Haematpoiesis & Leukaemia

Our research focuses on the role of protein homeostasis – so called “Proteostasis” – in healthy and malignant stem cell development. The predominant focus of the lab is the haematopoietic (blood) system and cancerous transformation to acute myeloid leukaemia (AML).

The haematopoietc system (left) is a hierarchal system with haematopoietic stem cells (HSCs) at the top giving rise to multipotent progenitors (MPPs) and committed progenitors. HSCs and MPPs are required to self-renew to maintain this system for life-long health. Upon the accumulation of mutations the system can transform to cancers such as acute myeloid leukaemia (AML; red, right). AML is a hierarchical disorder with rare, drug resistant and highly potent leukaemic stem cells (LSCs) maintain cancerous blast which themselves block the healthy system.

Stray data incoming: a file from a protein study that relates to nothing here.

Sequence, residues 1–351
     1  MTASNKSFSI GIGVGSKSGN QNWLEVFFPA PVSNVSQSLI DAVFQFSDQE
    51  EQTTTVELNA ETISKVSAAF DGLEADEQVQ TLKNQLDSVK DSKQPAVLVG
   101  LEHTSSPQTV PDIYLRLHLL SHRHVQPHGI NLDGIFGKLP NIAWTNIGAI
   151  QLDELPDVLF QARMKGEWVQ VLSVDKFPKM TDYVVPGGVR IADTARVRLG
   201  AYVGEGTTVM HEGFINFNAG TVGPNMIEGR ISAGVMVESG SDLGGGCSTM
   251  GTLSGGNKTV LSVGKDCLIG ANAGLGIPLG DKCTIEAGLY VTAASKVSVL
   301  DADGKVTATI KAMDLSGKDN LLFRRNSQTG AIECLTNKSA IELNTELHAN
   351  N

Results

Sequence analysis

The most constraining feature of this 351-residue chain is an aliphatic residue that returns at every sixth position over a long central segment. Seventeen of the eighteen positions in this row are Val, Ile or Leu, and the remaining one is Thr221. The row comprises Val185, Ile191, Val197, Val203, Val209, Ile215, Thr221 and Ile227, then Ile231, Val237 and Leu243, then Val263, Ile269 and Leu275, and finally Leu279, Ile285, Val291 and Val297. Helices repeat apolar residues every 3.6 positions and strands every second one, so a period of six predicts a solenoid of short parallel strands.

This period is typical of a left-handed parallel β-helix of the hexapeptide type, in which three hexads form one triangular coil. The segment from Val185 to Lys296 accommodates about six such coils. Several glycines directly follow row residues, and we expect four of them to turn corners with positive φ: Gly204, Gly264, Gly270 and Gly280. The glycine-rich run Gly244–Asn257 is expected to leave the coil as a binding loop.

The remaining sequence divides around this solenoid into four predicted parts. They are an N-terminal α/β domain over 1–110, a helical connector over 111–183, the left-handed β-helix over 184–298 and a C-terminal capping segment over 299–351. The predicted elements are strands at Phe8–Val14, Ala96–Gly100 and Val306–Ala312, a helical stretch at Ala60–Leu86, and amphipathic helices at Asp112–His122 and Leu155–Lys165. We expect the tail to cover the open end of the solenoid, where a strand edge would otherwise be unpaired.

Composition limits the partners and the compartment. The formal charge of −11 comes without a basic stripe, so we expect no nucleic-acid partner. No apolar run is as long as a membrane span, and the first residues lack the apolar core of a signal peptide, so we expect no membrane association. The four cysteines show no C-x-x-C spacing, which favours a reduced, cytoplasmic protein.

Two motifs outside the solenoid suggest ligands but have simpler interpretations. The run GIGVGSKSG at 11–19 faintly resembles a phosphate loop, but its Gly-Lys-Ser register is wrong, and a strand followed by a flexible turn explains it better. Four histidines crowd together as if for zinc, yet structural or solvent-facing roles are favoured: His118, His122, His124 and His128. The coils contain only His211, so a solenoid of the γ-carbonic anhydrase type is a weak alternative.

The study of the transcriptome in the last two decades has significantly progressed our understanding of HSC biology, but it leaves a wide gap in our knowledge of the functional state of the proteome in HSCs, and indeed proteins are the predominant effectors of cells and generally the first targets of small molecules aimed at directing their biology. There is little correlation between the transcriptome and the proteome in young or old mouse HSCs and recent landmark studies have demonstrated that the proteome is a better predictor of drug response and overall survival outcome in haematological malignancies, but little is known about the functional state of the proteome in HSCs from humans. With a deep understanding of the proteome, we can provide a better understanding of fundamental stem cell biology, develop new and more effective models to replace animals in stem cell biology research, and begin to improve regenerative medicine approaches with significant clinical impact.